Our Environment, Land Use & Natural Resources Group explains why any company doing business in the EU should take note of the European Council’s new human rights sanctions regime.
- European Commission’s consultation process ends February 8
- The global sanctions regime casts a wide net
- Three-prong test to determine applicability
As we previously discussed here and here, the EU is getting serious about human rights violations. The European Commission is now engaged in a consultation on sustainable corporate governance and supply chain issues that closes on February 8, 2021. Some of the questions ask whether and how the EU regime should apply to non-EU companies doing business in the EU. A draft legislative proposal is expected in Q2 2021.
Meanwhile, the European Council adopted a Magnitsky-style decision and regulation establishing the first EU human rights sanctions regime and separately called on the European Commission to come up with a framework on sustainable corporate governance and an action plan on sustainable supply chains in 2021.
The commission is currently in a consultation process to collect the views of stakeholders on sustainable corporate governance. The consultation covers environmental, social, and governance (ESG) topics, including directors’ duty of care and the scope and basis of supply chain due diligence obligations.
Non-EU companies that do business in the EU should submit comments because the EU is considering not just the underlying obligations but also whether and how those obligations should apply to non-EU companies doing business in the EU. It also poses related questions like: “Should the EU due diligence duty be accompanied by other measures to foster a more-level playing field between EU and third country companies?”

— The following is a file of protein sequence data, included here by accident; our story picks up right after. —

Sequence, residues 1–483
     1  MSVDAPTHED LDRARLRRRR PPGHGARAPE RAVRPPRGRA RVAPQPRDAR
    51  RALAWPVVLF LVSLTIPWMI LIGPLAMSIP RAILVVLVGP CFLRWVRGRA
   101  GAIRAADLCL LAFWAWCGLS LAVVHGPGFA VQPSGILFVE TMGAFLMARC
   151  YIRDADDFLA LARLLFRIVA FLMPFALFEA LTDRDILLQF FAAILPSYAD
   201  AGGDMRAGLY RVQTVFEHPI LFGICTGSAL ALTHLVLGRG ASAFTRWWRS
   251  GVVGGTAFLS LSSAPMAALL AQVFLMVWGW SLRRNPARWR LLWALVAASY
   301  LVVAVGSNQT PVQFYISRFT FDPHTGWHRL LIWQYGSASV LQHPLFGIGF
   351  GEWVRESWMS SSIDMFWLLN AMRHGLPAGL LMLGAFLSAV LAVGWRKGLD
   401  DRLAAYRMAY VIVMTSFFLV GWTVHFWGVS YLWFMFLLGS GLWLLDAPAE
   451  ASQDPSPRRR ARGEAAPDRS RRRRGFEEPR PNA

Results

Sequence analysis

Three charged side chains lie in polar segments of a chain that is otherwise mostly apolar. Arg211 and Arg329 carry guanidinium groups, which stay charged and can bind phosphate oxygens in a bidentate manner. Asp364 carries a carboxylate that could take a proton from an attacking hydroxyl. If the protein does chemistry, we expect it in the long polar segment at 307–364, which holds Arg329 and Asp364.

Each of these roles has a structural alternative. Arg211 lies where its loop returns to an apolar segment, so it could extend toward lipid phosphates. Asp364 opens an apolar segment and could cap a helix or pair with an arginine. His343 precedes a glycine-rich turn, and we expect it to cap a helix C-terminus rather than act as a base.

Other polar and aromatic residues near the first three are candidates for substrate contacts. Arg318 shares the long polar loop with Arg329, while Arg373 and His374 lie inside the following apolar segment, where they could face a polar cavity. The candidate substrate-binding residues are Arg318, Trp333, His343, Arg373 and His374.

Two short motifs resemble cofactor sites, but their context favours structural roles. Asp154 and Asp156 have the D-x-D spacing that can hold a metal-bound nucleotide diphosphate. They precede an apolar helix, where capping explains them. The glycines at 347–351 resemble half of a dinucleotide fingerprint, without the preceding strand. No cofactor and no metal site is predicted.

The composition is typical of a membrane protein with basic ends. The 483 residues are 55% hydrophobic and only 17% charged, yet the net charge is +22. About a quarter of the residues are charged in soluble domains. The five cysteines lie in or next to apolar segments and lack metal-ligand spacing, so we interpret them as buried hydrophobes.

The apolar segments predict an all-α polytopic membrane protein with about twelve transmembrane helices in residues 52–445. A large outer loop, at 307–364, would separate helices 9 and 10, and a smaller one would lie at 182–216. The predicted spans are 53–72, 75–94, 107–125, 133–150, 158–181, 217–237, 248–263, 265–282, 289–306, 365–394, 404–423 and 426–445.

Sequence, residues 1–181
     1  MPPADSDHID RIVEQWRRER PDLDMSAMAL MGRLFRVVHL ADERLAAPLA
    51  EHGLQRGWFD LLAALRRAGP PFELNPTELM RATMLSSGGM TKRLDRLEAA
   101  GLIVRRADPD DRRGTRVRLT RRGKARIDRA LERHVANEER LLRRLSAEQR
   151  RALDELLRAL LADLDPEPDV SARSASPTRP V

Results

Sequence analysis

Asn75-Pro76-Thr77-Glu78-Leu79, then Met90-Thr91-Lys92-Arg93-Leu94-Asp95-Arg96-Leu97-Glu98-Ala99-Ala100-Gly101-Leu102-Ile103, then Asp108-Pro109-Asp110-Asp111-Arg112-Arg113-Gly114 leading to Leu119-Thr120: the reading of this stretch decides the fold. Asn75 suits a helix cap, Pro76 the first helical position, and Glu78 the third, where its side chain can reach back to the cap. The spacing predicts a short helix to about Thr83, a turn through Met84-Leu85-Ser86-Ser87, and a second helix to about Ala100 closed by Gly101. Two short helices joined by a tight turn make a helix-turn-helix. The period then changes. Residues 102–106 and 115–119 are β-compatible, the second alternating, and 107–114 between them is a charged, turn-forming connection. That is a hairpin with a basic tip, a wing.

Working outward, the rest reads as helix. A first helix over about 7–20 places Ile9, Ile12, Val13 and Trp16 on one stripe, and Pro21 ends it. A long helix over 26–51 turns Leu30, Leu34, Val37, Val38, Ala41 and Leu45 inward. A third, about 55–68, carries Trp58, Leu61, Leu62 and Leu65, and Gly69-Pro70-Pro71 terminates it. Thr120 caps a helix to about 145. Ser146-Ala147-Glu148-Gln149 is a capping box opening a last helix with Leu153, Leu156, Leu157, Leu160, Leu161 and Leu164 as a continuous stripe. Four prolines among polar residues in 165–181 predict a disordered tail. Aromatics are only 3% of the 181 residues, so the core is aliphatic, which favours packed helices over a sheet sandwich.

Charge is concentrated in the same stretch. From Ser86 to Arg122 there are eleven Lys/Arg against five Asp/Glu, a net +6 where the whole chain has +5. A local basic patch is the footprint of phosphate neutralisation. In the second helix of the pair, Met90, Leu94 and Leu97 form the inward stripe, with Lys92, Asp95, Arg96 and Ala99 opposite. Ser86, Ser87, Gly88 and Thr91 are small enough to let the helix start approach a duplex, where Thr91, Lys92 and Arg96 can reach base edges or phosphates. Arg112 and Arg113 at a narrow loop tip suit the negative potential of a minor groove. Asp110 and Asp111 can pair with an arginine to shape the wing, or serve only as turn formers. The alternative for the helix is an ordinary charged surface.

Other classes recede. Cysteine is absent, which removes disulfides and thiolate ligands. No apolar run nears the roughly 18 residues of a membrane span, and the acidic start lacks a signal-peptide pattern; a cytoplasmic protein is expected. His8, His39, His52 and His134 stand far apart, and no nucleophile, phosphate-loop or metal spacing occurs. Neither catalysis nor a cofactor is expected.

Council Decision and Regulation
The council’s new decision and regulation establish a framework for a global sanctions regime that casts a wide net. As anticipated, the regime makes entities accountable for major human rights violations: genocide; crimes against humanity; torture; cruel, inhuman, or degrading treatment; slavery; and other widespread, systematic, and serious human rights abuses, including violations of freedom of expression and religion.
Sanctions under the regime include freezing the assets and economic resources of accountable entities, prohibiting provision of funds “directly or indirectly” to those entities, and travel bans.
Critically, the regime applies to natural or legal persons, entities, or bodies that:
- Are responsible for human rights violations or abuses.
- Provide financial, technical, or material support for, or are otherwise involved in, violations or abuses, “including by planning, directing, ordering, assisting, preparing, facilitating, or encouraging such acts.”
- Are associated with such persons.
This comprehensive applicability demonstrates that the council is taking human rights seriously.
Of course, as the council notes, Member States “have primary responsibility to respect, protect and fulfil human rights, including ensuring compliance with international human rights law.” To that end, Member States are called upon to promulgate “effective, proportionate and dissuasive” penalties for infringements of the provisions of the regulation—“and make sure that they are implemented.”
This development comes right on the heels of the council’s recent Conclusions on Human Rights and Decent Work in Global Supply Chains, which called on the European Commission to introduce “a proposal for an EU legal framework on sustainable corporate governance, including cross-sector corporate due diligence obligations along global supply chains.” The council also wants an “EU Action Plan by 2021 focusing on shaping global supply chains sustainably, promoting human rights, social and environmental due diligence standards and transparency and which takes the experiences and lessons learned from the COVID-19 pandemic into account.” Meanwhile, the council called on Member States to “STEP UP their efforts to effectively implement the UN Guiding Principles on Business and Human Rights, including through new or updated National Action Plans containing a smart mix of voluntary and mandatory measures, where appropriate.”
We anticipate that there will be significant movement in 2021 at the EU and national levels on all of these related fronts.